When developing recovery goals with our clients, we follow the SMART formula, meaning that client goals are to be Specific, Measurable, Attainable, Relevant and Time-limited. Our clients work through “The Change Companies Interactive Journal” and develop a change plan. In surveying client goals, we realized that we needed to reconcile the “Time-limited” criteria for goals with the practice of a non-time bound program.
Ultimately we concluded that by partnering with our clients using Motivational Interviewing and Enhancement Techniques an equality occurs that lead to a team or partnering approach and enrich the experience supporting their change plan goals. We could partner with our clients to make life goals that can be near, mid, and long-term, such as getting their GED, a job, or an apartment by a certain date, all while continuing to work, without time bounds, toward their recovery.
In January of 2016, we were noted for having a 90 – 120-day program. This was true after extensive internal training, embracing the ASAM multidimensional model of change. We realized that we continued to “rubber stamp” each client with a time-bound program. We were not being person-centered, after all, what if one client’s change plan was accomplished in less than 90 days? What if they need 366 days? Really what we were saying to each man was “well, this is our program, if it doesn’t fit come back when you’re ready,” as if we could determine their course.
Obviously, this construct was not supportive of our “meeting a person where they are” and had many implications “contractually” with the elimination of being time-bound. In July of 2016, we officially eliminated all time-bound lengths in our program descriptions.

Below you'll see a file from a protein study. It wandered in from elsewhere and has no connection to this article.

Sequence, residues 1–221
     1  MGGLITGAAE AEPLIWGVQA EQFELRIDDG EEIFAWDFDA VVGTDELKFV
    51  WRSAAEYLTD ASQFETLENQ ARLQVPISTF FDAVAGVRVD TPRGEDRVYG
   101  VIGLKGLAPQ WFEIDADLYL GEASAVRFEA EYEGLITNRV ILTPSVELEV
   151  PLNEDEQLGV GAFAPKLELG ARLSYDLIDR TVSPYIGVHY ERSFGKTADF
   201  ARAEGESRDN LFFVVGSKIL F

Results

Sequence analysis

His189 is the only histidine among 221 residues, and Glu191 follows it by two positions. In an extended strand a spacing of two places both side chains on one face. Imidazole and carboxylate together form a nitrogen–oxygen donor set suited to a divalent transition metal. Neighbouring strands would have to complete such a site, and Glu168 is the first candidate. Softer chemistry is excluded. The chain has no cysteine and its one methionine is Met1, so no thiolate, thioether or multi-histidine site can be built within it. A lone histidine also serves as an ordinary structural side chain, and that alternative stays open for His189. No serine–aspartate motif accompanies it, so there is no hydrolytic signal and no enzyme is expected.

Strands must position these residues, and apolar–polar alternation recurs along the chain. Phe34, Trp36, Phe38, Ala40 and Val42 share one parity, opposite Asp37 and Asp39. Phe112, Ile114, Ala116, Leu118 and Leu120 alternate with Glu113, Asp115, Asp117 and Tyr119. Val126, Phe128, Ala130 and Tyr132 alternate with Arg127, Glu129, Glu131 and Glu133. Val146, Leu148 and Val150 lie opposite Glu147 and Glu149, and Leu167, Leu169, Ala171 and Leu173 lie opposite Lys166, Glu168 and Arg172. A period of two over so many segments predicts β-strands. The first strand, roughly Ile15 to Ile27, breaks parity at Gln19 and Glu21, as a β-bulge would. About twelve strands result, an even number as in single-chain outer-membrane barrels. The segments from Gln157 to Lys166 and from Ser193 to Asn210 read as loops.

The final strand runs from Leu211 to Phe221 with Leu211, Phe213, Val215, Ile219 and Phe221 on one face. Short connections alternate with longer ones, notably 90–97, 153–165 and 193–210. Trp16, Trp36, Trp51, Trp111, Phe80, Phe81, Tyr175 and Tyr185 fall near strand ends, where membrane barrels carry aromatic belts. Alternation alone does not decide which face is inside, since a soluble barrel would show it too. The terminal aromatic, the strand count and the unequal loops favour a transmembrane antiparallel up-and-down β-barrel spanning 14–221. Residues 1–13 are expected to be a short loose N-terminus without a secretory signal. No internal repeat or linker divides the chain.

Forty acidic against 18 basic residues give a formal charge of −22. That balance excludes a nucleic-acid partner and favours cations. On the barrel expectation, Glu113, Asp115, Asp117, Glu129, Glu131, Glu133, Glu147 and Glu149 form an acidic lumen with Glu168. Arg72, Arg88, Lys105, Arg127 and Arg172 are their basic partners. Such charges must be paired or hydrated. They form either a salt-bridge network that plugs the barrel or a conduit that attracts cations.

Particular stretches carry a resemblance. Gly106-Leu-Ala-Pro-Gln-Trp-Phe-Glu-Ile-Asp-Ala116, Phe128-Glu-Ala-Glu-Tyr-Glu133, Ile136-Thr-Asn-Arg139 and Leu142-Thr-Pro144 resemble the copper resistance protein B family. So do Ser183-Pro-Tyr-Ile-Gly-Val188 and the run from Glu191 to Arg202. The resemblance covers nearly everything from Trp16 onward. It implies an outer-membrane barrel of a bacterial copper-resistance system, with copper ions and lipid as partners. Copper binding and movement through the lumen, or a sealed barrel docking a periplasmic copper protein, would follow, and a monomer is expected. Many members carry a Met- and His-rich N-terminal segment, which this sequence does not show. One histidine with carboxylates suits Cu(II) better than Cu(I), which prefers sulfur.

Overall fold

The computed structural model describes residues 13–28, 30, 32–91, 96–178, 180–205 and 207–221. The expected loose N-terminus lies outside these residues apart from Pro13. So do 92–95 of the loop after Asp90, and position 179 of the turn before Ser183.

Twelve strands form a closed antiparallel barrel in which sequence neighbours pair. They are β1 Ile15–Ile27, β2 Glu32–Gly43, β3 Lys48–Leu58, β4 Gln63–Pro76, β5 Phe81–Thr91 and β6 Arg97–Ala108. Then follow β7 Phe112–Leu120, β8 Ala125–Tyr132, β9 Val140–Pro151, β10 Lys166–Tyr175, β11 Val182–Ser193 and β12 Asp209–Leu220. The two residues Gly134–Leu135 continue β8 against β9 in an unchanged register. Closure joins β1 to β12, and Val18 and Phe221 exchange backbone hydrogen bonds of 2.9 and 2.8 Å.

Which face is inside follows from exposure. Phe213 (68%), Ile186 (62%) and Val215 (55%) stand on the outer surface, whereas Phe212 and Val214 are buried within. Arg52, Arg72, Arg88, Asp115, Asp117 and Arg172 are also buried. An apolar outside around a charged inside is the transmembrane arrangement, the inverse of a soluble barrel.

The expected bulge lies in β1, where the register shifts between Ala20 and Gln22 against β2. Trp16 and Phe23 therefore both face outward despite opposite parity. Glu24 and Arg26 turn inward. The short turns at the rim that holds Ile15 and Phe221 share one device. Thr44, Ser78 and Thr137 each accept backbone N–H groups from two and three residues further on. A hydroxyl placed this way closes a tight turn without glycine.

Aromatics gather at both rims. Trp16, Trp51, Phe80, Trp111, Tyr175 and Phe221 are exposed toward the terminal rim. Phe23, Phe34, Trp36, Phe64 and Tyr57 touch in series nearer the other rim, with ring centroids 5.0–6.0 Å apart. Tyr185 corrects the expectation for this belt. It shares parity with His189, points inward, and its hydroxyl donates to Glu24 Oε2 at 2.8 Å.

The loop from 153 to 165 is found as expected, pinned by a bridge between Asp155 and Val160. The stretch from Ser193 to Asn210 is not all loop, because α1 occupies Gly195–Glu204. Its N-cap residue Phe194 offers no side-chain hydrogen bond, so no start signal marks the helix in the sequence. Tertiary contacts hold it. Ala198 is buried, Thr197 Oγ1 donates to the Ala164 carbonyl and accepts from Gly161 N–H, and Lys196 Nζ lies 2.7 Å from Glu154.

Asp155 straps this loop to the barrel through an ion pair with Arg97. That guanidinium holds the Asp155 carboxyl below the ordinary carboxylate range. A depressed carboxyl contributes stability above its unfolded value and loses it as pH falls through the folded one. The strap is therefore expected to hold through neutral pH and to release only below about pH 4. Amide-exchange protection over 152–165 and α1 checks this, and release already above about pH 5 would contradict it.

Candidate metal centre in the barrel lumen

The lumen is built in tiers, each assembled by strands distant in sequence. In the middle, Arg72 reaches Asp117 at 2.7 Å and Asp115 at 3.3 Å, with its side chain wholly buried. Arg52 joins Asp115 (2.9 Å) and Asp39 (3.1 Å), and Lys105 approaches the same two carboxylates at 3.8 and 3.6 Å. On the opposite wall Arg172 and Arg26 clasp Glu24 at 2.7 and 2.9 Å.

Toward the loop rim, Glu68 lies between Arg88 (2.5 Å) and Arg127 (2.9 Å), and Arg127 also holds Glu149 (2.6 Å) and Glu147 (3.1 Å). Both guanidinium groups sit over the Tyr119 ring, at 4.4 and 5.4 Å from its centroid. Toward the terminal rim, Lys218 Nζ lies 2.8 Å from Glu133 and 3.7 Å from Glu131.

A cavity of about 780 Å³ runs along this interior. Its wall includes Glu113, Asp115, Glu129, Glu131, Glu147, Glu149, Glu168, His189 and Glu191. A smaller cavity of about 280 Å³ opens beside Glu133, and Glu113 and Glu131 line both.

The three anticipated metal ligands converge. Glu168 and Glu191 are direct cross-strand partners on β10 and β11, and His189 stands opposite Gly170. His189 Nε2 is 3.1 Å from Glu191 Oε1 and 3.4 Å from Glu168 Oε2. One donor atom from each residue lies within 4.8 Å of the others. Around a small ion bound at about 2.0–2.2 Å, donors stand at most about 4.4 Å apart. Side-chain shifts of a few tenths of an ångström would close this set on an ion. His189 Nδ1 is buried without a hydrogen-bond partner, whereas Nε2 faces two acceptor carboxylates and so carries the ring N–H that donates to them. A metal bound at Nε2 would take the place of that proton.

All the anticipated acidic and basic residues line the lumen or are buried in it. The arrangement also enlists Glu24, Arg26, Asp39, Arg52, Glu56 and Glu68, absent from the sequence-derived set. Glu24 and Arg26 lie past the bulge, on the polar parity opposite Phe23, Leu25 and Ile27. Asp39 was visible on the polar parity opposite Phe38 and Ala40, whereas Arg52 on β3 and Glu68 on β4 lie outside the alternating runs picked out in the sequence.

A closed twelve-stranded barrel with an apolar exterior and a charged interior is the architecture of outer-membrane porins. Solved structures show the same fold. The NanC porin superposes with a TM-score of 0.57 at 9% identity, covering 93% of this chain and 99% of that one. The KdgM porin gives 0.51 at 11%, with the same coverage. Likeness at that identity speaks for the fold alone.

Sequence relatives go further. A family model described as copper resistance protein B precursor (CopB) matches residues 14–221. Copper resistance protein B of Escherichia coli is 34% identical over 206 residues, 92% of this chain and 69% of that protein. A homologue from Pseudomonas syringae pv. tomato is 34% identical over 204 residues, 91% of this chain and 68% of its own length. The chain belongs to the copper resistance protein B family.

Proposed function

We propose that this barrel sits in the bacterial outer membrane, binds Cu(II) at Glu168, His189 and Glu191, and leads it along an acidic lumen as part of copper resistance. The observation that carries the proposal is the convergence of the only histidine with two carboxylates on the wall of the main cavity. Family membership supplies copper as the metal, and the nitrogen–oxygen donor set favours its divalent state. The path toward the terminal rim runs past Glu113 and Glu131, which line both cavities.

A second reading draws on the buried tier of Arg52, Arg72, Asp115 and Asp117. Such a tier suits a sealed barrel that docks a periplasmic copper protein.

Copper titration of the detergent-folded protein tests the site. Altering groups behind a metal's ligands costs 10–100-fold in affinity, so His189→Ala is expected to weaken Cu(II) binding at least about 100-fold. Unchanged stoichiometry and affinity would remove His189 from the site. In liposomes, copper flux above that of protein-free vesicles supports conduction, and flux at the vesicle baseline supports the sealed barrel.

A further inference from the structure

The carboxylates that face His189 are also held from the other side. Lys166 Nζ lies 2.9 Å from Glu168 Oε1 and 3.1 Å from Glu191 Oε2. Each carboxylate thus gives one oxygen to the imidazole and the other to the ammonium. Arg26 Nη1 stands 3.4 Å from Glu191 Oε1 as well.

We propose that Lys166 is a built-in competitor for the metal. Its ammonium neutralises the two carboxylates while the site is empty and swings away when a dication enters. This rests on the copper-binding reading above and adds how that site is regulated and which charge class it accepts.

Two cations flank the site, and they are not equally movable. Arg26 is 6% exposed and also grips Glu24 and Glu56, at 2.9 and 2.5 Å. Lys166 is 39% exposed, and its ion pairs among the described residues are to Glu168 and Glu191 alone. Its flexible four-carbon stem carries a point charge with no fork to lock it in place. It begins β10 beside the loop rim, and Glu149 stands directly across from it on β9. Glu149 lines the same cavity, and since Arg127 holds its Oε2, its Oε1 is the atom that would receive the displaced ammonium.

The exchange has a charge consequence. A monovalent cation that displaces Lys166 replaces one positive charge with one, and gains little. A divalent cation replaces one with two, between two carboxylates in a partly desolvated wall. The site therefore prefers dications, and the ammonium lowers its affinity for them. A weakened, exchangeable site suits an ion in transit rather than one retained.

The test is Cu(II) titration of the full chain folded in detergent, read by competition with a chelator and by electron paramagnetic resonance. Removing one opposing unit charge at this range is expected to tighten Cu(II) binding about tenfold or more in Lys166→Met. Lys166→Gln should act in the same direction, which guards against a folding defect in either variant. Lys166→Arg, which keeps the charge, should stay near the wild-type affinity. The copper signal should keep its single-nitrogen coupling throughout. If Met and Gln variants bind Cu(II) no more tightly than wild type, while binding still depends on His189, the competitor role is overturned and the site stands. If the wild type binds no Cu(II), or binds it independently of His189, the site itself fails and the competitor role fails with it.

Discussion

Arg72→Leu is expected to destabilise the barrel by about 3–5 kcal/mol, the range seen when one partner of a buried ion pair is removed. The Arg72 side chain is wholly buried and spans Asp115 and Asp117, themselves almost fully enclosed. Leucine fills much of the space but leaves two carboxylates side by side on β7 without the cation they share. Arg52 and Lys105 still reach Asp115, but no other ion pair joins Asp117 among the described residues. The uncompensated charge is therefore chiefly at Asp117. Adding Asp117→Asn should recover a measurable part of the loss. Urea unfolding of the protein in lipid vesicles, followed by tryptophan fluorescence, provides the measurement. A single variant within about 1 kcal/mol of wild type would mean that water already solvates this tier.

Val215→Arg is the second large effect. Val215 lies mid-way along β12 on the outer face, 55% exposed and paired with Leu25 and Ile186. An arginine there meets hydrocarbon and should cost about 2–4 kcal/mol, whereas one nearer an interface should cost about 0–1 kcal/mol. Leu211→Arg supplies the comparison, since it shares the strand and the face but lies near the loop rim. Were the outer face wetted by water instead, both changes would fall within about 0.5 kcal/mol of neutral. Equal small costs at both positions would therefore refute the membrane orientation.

In implementing these new approaches, we saw an opportunity to shift the culture at Heartland House in terms of how we talk about substance abuse disorder. Semantics are important. We no longer use the word “relapse” but have shifted to “recurrence.” We took out of our policy and procedures the term, “zero-tolerance.” If clients have a recurrence, we explore the triggers that led to a recurrence and allow the client to identify solutions available to them supporting their belief and immediately re-introduce them to the program where they share this new found information in group sessions. The client returns to the group to share where they are physically, mentally and spiritually, and why they believe they had a setback on their journey.
We don’t penalize our clients for a recurrence. We partner with them, helping them assess and implement relapse prevention techniques.
In assessing our services, we discovered in the past that in assessing our services, we discovered in the past that the hierarchical structure within our organization was a barrier to taking the actions needed to shift our paradigm without losing our identity. It was challenging, however, to find, an alternative structure in use within the healthcare profession. After reviewing various possibilities we decided upon a horizontal structure. Other than in the case of regulatory matters, each staff member from the relief cook to the licensed professional has independent discretion in matters affecting their area of responsibility. While this model can pose an entirely new set of challenges, we are experiencing the greater good made possible by establishing an environment that better inspires each staff members passion and, as a result, adds to the strength of our team and program.